I guess the next step is to find out from zarf if Quixe will support graphics in windows other than the main window. Since my graphical window example worked for Wade in other interpreters but not in Quixe, maybe Quixe doesn’t support it, or maybe there’s something extra you have to do to get it to show up in Quixe. I don’t know what other options you have besides Quixe if you’re wanting to run the game in a browser as opposed to an offline interpreter.

(Thanks Wade – I had put the picture in the materials folder, not the figures folder.)

Oh damn it, I’ve been dumb. The graphics version of Quixe is not the one packed with Inform:

https://intfiction.org/t/experimental-graphics-support-for-quixe/8322/1

And maybe that link’s already in this thread from bg re: sensory jam, but I’m not going to break off this post to look.

So MAYBE the whole thing (her demo, with the picture visible, in an experimental version of Quixe) will run yet.

PS I’m not going to try it right now. It’s way past bedtime here. I hope to wake to find someone else has done it in the meantime : p

-Wade

That’s funny, I thought that 6M62 did come packaged with the latest version of Quixe. Wasn’t that in the changelog?

The thread you linked to is from April 2015, predating 6M62, so… bah, I don’t know.

Thanks all. How would I find out? Is there any sample code anywhere that shows how I include graphical windows for Quixe in Inform?

The latest version of Inform does have the latest version of Quixe, but you still need to run that extra Python script to convert the files. Or at least I still needed to run it.

Oh yeah, and I just remembered that Alabaster uses graphics in a sidebar. Its source code is available. Maybe that will help. You may be able to do the same thing, and then use the new Quixe to load the images into an html file.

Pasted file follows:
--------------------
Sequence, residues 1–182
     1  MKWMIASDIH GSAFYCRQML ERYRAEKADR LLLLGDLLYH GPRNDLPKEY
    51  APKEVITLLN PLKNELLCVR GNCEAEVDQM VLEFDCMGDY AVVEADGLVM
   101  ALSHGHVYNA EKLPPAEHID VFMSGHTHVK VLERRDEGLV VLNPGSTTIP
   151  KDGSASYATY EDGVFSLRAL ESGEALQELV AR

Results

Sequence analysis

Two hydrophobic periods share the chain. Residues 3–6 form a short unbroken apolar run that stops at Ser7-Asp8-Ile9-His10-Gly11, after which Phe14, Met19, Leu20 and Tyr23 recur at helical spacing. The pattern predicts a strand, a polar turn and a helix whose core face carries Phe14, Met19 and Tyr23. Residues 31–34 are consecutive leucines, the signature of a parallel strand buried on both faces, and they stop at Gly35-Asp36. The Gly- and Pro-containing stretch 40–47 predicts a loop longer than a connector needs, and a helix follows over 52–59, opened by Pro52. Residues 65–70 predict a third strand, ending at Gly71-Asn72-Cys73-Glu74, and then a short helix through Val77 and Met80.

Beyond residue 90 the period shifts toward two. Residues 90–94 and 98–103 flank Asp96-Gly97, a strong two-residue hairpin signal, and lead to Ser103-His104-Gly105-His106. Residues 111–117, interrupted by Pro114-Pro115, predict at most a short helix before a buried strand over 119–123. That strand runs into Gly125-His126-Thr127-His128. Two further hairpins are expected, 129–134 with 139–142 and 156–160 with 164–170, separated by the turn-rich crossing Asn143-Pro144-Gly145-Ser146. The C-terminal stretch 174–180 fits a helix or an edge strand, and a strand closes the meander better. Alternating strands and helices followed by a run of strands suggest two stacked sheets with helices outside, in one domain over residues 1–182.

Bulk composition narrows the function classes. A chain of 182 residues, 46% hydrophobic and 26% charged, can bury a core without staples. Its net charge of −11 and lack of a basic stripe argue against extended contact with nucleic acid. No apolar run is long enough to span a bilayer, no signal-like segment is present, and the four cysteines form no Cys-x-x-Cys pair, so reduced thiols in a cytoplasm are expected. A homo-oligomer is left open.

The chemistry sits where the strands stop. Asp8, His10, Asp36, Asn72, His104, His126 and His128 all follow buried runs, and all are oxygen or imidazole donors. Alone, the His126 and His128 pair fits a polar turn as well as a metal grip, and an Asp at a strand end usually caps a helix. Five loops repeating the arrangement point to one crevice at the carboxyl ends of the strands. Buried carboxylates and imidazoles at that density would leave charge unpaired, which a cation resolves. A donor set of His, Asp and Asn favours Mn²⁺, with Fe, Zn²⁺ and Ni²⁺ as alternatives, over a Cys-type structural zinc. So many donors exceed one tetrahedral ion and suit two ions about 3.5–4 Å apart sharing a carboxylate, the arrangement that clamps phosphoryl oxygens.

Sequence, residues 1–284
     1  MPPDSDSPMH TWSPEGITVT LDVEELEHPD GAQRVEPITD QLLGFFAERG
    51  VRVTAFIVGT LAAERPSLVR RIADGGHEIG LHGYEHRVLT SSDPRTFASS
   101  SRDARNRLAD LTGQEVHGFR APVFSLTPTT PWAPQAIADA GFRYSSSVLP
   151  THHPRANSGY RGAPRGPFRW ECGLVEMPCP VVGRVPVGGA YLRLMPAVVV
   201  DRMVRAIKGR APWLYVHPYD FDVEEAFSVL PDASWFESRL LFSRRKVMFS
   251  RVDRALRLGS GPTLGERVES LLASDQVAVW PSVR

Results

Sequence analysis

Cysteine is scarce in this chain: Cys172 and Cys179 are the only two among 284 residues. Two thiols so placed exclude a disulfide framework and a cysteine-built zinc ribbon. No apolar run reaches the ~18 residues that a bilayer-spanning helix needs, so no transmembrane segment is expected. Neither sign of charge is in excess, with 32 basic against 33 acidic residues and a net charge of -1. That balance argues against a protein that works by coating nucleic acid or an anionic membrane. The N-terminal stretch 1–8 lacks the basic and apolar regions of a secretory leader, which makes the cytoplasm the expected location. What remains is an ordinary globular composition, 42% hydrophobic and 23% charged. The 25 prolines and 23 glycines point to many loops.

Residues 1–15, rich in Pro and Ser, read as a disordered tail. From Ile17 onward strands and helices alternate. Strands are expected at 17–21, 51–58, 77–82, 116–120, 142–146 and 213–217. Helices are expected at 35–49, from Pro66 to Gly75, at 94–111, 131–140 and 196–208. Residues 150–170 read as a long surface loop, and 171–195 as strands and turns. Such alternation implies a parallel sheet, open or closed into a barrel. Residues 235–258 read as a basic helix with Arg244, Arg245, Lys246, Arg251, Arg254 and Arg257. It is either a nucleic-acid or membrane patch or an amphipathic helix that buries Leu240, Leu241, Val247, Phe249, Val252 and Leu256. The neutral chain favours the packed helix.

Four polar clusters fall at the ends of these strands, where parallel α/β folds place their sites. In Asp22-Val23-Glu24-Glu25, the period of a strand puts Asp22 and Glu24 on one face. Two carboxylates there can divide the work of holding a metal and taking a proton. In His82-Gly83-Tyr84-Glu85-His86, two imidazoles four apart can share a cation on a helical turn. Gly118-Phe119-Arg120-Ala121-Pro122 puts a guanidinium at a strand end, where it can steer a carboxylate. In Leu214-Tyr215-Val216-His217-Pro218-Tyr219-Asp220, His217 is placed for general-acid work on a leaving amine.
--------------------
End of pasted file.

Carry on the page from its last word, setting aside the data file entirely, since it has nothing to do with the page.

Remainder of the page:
Alabaster unfortunately uses a closed-source extension to do the procedural combinations of graphics. But I believe they’re assembled in a Simple Graphical Window.

We still haven’t got McTavish a resolution.

To clarify a couple of things:

  • Inform comes with Quixe 2.1.2
  • Quixe 2.1.2 has experimental graphics support (now confirmed by me from the readme)

The readme doesn’t say anything about needing to run a python script to make the graphics work. It does say that if you take files directly from github (rather than having Inform build your Quixe release, I assume) that you need to python-ise them.

That said, I tested the most basic case of displaying a picture in the main window, online, and it didn’t work.

CMG, might you able to test bg’s code, from this thread, having run the python script on it/parts of it (I’m personally slightly foggy on that part)?

Because if the result of that works, it will work for McTavish.

-Wade

It really shouldn’t be that hard to extract the images out of the blorb. Hopefully we can make it so the python step won’t be needed.

Before the new Inform release, you had to get the newest Quixe from an outside source like Github and then plug that into Inform and use “Release with the Quixe interpreter” or whatnot. Then when Inform did its thing and created the game file, you still had to run this Python script in order to make the graphics work in a browser.

Now the new Inform already has the new Quixe built into it, so there’s no need to go installing it. But you still need to do the second half of the process with the Python script. At least, I had to still do that second half to get my samurai game to display graphics.

I’ll test the script if it’s needed down the line… but it was kinda ugly for me to figure out exactly where I needed to place the individual files to get it to work for my own game, and I’ve also never used extensions before, so I think I might cause more confusion than anything if I try to build a test game. I mainly just wanted to pop in and mention that Python step, since it was being overlooked and it was necessary for me.

No worries Chandler. At least it looks like we collectively know what we have to do now, but we acknowledge that it may be fiddly.

-Wade

I really appreciate you guys thinking about this. It feels like a pretty important thing to me. To be able to control media elements outside of the ‘interpreter window’ in a browser delivered parser game. I know that Vorple is reaching towards this, as is Glotke/Quixe, as are other projects.

McT